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Watching the Master at work...Kramer
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Thread: Watching the Master at work...Kramer

  1. #1
    Senior Member Mucho Bocho's Avatar
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    Watching the Master at work...Kramer

    So I've been trying to learn how to properly free-hand sharpen knives. Thus been doing a lot of research on different methods and techniques. I've pulled from Dave M., Maxim and Jon B. I want to learn Jon's way (the traditional Japanese way).

    Anyway I hope I'm not breaking the rules but I wanted to share a this video of how Mr Kramer sharpens knives. He's obviously trying to push his products but there is a lot of useful informaton in this video. Sorry if this video has been passed around before. Watching him work that knife just sends chills up my spine. In a good way.

    Also, Notice how he really changes the angles on each side of the blade. Its amazing how fast he got that blade to sit up at attention. If there has ever been one, he's certainly a knife Rockstar in my book. Also, He's going back to the postal scale and talking about pounds of pressure to use.

    Sorry Dave/Jim if I'm not susposed to post this trype of stuff, just thought everyone would enjoy it.

    KKF Comments please

    http://www.youtube.com/watch?v=kFhMGJYhYpU
    One thing you can give and still keep...is your word.

  2. #2
    Always fun to watch a master.

  3. #3
    Senior Member cheflarge's Avatar
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    Interesting, however, I think Jon's video's are absolutly the best and most informative for the traditional Japanese style of sharpening. IMHO. No disrespect to Dave or Maxim, have not seen your videos as of yet.

  4. #4
    Good share! Seems like 4-6 pounds is a very high amount of pressure? That said, I've never checked...
    one man gathers what another man spills...

  5. #5
    That's the same type of technique that I use and it's fast and efficient. It seems to be the easiest way to hold a consistent angle for me.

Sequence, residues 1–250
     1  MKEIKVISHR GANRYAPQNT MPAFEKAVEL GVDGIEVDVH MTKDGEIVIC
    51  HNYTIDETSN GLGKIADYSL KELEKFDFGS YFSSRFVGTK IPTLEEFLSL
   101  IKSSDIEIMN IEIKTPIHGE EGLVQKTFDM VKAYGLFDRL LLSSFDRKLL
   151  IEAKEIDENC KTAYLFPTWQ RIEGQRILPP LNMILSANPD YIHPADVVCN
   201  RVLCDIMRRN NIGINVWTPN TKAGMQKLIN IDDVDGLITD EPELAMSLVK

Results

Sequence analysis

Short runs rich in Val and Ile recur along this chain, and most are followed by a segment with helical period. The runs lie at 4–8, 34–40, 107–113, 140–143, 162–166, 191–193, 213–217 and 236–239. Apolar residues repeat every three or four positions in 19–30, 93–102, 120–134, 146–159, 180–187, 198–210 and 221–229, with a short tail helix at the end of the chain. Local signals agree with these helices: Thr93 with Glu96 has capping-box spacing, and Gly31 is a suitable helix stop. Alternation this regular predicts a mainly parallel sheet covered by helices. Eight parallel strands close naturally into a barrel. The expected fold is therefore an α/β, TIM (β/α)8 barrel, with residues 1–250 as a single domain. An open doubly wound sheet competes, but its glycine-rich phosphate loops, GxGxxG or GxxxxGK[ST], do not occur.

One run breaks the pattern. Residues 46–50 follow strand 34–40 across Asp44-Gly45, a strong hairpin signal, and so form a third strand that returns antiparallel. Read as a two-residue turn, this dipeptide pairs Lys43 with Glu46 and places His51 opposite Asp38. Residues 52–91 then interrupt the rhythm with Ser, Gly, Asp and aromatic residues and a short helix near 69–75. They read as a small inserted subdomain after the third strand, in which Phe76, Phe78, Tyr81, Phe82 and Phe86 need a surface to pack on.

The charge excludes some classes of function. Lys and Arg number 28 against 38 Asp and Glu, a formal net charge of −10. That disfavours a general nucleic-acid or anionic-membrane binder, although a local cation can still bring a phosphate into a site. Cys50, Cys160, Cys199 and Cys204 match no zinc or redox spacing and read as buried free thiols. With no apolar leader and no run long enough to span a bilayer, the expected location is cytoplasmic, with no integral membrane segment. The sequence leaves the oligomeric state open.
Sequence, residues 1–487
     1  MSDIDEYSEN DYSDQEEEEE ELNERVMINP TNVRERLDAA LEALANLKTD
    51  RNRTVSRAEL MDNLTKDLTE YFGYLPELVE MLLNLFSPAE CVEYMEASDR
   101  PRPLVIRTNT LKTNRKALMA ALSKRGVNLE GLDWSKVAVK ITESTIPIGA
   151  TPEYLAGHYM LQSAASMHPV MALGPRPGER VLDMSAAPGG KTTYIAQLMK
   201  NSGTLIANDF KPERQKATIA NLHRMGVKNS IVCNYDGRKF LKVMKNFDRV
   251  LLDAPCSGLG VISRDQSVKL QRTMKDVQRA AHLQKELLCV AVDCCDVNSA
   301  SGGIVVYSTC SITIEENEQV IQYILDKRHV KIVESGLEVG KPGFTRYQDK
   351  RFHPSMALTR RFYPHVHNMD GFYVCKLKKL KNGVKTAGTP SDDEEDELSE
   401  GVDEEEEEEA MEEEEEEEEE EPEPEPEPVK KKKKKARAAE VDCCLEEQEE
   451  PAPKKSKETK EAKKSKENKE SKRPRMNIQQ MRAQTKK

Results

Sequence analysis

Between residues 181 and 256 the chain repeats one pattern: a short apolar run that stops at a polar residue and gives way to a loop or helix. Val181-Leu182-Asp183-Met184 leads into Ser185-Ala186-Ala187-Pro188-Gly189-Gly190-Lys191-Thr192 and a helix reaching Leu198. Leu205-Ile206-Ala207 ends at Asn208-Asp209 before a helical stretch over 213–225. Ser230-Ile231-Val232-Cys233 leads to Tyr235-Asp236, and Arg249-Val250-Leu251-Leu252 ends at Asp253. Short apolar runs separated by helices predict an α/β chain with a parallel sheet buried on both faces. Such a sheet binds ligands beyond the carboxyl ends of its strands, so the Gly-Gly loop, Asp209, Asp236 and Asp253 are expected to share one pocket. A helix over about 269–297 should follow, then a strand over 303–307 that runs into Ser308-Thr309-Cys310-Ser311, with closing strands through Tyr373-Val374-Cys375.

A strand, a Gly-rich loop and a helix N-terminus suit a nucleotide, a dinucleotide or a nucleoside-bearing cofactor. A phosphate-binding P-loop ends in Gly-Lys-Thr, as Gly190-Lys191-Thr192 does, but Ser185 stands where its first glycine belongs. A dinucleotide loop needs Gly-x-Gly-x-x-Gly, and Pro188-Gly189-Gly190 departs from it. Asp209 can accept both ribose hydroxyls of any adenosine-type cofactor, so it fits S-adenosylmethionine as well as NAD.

6. #6
    Senior Member mpukas's Avatar
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    I watched all of those vids w/ Bob when they came out. I picked up some things from him, and since then I've found many things to be consistent with things I've learned for others.

    The one thing I don't care for with his technique - which I've learned from my own mistakes that have been pointed out and corrected by Dave and Jon - is his sweeping stroke. I've learned that sharpening happens where pressure is applied. That means that it's important to keep you fingers over the center of the stone, and know where on the blade pressure is being applied. When he keeps his fingers in the same place on the blade and sweeps the knife, that will eventually lead to uneven sharpening due to uneven pressure. I bird's beaked a couple of my knives pretty bad because I was using a similar technique.

    Beyond that, I have huge respect and admiration for Bob. I really happy these vids are out there for the < unwashed ;-) > masses as I'm really bothered my the main stream food media's continued position that sharpening knives should only be done by professionals - and that's a loose term as that can often mean a shady guy in van with grinders, but not always obviously - and never attempted at home.
    Shibui - simplicity devoid of unnecessary elements

  7. #7
    Senior Member mpukas's Avatar
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    I'll see you your Kramer, and raise you a Carter;



    The one thing that I find odd is what he refers to as the primary and secondary edge, that we generally refer to as the primary and secondary bevel, and the edge is the edge. Just different terms to refer to the same thing.
    Shibui - simplicity devoid of unnecessary elements

  8. #8
    Quote Originally Posted by mpukas View Post
    The one thing I don't care for with his technique - which I've learned from my own mistakes that have been pointed out and corrected by Dave and Jon - is his sweeping stroke. I've learned that sharpening happens where pressure is applied. That means that it's important to keep you fingers over the center of the stone, and know where on the blade pressure is being applied. When he keeps his fingers in the same place on the blade and sweeps the knife, that will eventually lead to uneven sharpening due to uneven pressure. I bird's beaked a couple of my knives pretty bad because I was using a similar technique.
    I don't quite sweep like Bob does, but when I am moving fast I walk my fingers along the blade very little (depending on blade length). Instead I regular pressure through each finger independently, kinda like playing a piano or keyboard. All of my fingers are in contact with the blade but only the one centered on the stone is applying any pressure.
    "God sends meat and the devil sends cooks." - Thomas Deloney

  9. #9
    Senior Member Mucho Bocho's Avatar
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    Good one MP!
    One thing you can give and still keep...is your word.

  10. #10
    I think with the way he holds his knife and strokes the stone the pressure across the blade is a lot more even than you might think. Besides, he's the master, how can you go wrong duplicating anything he does.

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